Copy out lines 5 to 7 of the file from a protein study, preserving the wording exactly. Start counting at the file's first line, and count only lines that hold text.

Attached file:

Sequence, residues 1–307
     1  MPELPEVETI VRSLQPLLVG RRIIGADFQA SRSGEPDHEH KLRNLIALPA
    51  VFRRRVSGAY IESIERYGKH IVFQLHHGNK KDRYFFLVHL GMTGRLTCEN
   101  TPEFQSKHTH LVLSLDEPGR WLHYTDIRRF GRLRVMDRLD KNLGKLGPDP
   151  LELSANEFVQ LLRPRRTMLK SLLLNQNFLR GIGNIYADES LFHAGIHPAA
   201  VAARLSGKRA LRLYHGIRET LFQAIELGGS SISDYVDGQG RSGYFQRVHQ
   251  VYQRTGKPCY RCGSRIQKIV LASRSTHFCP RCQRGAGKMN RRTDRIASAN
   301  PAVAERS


   151  LELSANEFVQ LLRPRRTMLK SLLLNQNFLR GIGNIYADES LFHAGIHPAA
   201  VAARLSGKRA LRLYHGIRET LFQAIELGGS SISDYVDGQG RSGYFQRVHQ
   251  VYQRTGKPCY RCGSRIQKIV LASRSTHFCP RCQRGAGKMN RRTDRIASAN